Feedback often doesn’t connect.
Here, in four minutes, a simple 4-step formula to address that.
(I’m not saying you give ineffective feedback . . . but if I were saying that, these four steps might enable me to say it to you better.)
And here’s a little feedback for the Supreme Court, which will be deciding whether Trump is truly above the law. The feedback comes from George W. Bush speechwriter David Frum writing in The Atlantic. Will the Kavanaugh / Gorsuch court join the Attorney General in being loyal personal lawyers for the man who appointed them, rather than for the taxpayers of the United States? Read Frum’s argument and see what you think of the case.
. . . By all rights, these cases should end in the kind of defeat for Trump nicely described by a favorite joke of Chief Justice John Roberts. When asked how a certain case could have been decided against a petitioner 9–0, Roberts is said to have replied: “You must remember, there are only nine justices on the Supreme Court.”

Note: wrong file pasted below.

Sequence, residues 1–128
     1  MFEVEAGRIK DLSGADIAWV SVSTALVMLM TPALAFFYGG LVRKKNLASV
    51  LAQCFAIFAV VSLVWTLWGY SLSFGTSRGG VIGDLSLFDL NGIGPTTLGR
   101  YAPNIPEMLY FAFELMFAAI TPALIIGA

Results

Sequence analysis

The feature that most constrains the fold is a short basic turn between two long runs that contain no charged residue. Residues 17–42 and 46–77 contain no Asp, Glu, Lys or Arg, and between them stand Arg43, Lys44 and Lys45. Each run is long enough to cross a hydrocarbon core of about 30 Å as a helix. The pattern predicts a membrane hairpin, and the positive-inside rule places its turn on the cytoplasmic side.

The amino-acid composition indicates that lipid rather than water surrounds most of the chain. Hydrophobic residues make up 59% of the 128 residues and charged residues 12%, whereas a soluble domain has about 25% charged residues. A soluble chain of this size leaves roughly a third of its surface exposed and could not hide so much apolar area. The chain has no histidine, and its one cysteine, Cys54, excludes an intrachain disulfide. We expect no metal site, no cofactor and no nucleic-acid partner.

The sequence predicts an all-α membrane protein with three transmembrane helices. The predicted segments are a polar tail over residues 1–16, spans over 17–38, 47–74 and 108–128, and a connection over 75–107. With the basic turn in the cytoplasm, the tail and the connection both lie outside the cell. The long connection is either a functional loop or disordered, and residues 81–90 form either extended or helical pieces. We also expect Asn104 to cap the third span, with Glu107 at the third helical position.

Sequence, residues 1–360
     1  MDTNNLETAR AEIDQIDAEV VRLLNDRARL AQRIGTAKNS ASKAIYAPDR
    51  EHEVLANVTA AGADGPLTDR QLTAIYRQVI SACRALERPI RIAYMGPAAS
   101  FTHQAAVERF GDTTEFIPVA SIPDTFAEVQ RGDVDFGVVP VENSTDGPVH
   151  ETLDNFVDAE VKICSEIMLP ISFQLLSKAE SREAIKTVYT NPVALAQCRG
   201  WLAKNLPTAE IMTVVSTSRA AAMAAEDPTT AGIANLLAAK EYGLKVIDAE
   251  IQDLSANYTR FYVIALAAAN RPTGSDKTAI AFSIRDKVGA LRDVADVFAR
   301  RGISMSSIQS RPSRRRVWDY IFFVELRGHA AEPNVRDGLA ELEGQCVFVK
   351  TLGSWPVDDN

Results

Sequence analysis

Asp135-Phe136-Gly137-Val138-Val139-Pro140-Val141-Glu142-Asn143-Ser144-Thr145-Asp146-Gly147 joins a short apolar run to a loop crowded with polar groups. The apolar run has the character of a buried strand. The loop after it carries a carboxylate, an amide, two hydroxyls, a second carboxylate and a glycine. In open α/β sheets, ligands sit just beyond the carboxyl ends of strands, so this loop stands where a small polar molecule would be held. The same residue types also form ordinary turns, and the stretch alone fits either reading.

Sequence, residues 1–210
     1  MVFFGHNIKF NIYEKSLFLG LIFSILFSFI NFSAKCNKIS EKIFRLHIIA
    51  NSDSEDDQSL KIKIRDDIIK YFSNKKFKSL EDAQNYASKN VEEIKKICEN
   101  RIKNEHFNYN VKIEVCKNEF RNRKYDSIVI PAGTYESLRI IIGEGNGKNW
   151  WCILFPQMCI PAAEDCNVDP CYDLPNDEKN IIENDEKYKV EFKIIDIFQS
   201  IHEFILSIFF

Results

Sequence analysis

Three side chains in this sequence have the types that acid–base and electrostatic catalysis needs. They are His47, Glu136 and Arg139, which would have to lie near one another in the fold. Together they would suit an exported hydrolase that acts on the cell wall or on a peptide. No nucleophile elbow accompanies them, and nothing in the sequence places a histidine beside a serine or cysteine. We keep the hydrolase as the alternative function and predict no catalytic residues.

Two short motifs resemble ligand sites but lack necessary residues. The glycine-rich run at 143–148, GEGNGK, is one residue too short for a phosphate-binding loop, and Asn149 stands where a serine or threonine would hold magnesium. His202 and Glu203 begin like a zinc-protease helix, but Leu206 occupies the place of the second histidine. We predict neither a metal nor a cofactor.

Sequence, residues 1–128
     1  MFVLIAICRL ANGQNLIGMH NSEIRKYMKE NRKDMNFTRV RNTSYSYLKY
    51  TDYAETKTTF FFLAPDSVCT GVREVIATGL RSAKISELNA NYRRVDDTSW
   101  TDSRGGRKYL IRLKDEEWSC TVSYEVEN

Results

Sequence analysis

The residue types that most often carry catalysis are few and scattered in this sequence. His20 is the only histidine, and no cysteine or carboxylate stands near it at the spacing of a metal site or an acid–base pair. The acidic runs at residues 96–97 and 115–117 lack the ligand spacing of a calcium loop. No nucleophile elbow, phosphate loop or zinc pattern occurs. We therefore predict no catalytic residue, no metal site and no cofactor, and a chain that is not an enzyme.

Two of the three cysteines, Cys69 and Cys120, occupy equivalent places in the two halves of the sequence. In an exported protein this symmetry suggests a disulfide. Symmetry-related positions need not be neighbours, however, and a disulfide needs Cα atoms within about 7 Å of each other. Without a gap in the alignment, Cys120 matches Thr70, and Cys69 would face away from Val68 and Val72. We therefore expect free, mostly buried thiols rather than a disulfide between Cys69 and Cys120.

But this is the Trump era. The courts are partisan and getting more so. Although Trump lost every previous round of this litigation, one appellate judge did agree with him on the merits: his own appointee to the D.C. Circuit . . .
Welcome to the bear market. The world moves faster and faster, but it’s instructive that the Dow first topped 1,000 in 1966 yet 16 years later, in 1982, clocked out at 777. One big drag on stocks in those years was the upward trend of interest rates . . . just as a great tailwind for stocks in the decades since has been interest rates’ downward trend. With rates now close to zero, one has to think that tailwind — whatever others may come along (like a massive long-term investment in revitalized infrastructure) — is no longer at our backs. Could it be 16 years before we see the Dow back at 29,551, the all-time high hit just a month ago?